The National Film Archive of India (NFAI) has undertaken the massive task of restoring 5,000 priceless classics of Indian cinema. The initiative is already bearing fruit with Satyajit Ray’s “Pratidwandi” (“The Adversary”) being screened at Cannes Classics and “Shatranj Ke Khilari” (“The Chess Players”) at Venice Classics this year.
As part of the process, all 5,000 films are being digitized and 2,200 of these are being restored.
The NFAI set up the National Film Heritage Mission (NFHM) with the objectives of condition assessment of film reels to ascertain the remaining life of the film; 2K/4K picture and sound restoration of landmark films of Indian and recording of new picture and sound inter-negatives of each film; digitization of films; construction of archival and preservation facilities; training and workshops for in-house capacity building; and web-based end-to-end IT solutions.
The NFAI’s efforts were showcased at a pavilion during the recently concluded Film Bazaar film market in Goa.
“We wanted to showcase the importance of preservation of film and related ancillary materials, which is being done by the NFAI, a key stakeholder in the preservation of the cinematic heritage of India, through an exhibition at the Film Bazaar pavilions,” NFAI head Ravinder Bhakar told Variety. “While NFAI showcased a 35mm film reel, working 16mm projector in action, rare posters, song booklets, various formats such as VHS, Beta Tapes amongst other archival objects, the pavilion also brought focus on the work done by the NFHM. We wanted the industry to know about this mission, under which thousands of features, documentaries and shorts are digitized and will be eventually restored.”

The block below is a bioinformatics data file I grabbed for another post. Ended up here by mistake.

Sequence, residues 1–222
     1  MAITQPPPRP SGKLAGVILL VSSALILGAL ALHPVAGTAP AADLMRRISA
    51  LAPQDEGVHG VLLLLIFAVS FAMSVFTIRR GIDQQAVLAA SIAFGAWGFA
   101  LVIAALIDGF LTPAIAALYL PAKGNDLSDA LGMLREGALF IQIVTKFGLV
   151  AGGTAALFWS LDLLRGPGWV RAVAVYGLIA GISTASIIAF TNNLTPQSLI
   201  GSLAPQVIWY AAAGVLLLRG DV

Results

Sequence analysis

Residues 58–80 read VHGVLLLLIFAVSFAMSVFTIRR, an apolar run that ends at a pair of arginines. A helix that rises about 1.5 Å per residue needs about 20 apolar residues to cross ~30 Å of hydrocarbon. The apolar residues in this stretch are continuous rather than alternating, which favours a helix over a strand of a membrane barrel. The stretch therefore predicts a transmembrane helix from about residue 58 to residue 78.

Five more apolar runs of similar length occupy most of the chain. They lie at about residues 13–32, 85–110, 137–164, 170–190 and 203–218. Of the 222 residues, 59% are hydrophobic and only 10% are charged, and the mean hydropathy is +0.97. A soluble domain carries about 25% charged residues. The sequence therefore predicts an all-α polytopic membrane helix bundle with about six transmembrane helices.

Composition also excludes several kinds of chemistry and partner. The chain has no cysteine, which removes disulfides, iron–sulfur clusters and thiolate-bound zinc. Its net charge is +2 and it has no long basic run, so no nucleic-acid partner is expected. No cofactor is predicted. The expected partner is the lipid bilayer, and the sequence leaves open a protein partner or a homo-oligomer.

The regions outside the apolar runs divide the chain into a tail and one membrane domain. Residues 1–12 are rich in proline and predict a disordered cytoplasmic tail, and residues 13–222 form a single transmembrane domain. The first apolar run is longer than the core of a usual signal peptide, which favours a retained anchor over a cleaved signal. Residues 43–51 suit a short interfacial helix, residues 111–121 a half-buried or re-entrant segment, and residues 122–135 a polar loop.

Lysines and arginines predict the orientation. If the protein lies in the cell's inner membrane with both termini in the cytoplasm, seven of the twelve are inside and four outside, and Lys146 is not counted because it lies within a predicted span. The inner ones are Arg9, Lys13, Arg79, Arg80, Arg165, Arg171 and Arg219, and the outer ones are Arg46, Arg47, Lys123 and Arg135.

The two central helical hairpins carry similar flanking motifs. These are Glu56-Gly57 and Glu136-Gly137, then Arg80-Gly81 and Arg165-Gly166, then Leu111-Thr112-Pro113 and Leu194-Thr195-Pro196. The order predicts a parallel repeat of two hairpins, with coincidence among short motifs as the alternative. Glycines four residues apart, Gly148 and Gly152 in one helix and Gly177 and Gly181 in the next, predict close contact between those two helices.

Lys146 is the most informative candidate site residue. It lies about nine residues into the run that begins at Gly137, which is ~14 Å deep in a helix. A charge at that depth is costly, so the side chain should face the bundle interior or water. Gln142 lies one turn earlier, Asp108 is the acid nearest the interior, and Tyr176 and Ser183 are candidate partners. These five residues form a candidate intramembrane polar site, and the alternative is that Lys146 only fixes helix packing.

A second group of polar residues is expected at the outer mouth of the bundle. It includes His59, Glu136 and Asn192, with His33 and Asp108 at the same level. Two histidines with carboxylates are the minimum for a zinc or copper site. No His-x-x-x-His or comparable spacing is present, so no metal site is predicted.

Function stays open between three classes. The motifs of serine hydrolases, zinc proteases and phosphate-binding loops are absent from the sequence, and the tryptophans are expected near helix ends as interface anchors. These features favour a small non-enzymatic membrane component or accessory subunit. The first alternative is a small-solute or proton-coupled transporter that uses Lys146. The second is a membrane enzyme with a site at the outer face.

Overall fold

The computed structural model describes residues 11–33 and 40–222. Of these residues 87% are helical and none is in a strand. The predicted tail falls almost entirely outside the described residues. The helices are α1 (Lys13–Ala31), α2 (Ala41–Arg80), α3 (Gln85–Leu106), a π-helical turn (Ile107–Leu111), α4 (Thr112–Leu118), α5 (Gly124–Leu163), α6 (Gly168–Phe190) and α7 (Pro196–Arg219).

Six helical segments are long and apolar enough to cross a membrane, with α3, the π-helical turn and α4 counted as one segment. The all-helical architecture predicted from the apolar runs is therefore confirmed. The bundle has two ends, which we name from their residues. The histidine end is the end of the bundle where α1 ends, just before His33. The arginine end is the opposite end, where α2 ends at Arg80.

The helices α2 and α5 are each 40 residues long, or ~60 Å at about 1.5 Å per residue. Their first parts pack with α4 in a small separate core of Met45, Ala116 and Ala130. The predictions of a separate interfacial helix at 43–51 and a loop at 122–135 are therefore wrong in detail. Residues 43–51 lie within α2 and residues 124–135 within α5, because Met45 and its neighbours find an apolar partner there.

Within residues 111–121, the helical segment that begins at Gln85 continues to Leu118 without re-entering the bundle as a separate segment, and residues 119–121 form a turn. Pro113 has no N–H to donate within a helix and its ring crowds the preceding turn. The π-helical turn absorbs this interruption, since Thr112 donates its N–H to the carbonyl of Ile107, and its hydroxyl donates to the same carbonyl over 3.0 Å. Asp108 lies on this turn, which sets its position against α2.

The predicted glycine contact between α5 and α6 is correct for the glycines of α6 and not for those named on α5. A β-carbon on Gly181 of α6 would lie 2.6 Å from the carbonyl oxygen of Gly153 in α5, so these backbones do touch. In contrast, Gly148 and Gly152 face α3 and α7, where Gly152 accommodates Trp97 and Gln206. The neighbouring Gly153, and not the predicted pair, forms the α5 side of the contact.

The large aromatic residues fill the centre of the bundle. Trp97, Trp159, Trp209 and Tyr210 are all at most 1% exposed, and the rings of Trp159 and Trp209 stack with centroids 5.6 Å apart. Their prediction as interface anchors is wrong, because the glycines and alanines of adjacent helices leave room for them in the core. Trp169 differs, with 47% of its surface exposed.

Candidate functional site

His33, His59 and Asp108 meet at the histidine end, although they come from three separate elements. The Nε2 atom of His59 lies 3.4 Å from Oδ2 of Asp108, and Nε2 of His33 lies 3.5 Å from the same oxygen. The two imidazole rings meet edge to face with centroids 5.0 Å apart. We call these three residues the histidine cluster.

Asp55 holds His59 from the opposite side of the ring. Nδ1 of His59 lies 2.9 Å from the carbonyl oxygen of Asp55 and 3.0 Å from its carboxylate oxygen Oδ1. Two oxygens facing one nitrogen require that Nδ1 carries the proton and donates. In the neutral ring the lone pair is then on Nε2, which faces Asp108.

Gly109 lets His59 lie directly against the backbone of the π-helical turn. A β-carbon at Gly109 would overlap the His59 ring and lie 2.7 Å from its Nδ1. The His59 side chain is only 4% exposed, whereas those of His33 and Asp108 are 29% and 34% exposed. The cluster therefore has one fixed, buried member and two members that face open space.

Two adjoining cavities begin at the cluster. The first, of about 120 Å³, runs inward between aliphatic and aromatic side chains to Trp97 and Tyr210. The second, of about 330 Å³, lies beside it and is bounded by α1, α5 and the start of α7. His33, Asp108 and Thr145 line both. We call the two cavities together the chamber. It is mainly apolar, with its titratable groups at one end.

NFAI was set up in 1964 as a media unit of India’s Ministry of Information and Broadcasting, with the primary objective of acquiring and preserving Indian cinematic heritage. This includes preservation of film and non-film material including but not limited to celluloid, stills, glass slides, posters, lobby cards, scripts and song booklets.